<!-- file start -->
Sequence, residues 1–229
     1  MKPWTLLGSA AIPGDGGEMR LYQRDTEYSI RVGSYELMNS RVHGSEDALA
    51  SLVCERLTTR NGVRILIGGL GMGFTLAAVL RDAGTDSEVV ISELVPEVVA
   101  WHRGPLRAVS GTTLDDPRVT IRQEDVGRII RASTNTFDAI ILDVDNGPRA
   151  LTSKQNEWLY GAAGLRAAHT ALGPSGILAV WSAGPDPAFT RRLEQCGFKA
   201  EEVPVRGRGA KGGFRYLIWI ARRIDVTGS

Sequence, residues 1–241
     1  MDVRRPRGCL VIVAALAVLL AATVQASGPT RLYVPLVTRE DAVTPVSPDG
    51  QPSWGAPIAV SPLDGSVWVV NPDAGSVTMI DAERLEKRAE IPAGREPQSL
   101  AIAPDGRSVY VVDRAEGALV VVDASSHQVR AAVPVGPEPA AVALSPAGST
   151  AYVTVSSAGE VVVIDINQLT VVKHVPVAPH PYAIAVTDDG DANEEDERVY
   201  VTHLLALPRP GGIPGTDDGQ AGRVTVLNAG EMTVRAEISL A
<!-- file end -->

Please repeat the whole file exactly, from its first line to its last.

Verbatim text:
Sequence, residues 1–229
     1  MKPWTLLGSA AIPGDGGEMR LYQRDTEYSI RVGSYELMNS RVHGSEDALA
    51  SLVCERLTTR NGVRILIGGL GMGFTLAAVL RDAGTDSEVV ISELVPEVVA
   101  WHRGPLRAVS GTTLDDPRVT IRQEDVGRII RASTNTFDAI ILDVDNGPRA
   151  LTSKQNEWLY GAAGLRAAHT ALGPSGILAV WSAGPDPAFT RRLEQCGFKA
   201  EEVPVRGRGA KGGFRYLIWI ARRIDVTGS

Sequence, residues 1–241
     1  MDVRRPRGCL VIVAALAVLL AATVQASGPT RLYVPLVTRE DAVTPVSPDG
    51  QPSWGAPIAV SPLDGSVWVV NPDAGSVTMI DAERLEKRAE IPAGREPQSL
   101  AIAPDGRSVY VVDRAEGALV VVDASSHQVR AAVPVGPEPA AVALSPAGST
   151  AYVTVSSAGE VVVIDINQLT VVKHVPVAPH PYAIAVTDDG DANEEDERVY
   201  VTHLLALPRP GGIPGTDDGQ AGRVTVLNAG EMTVRAEISL A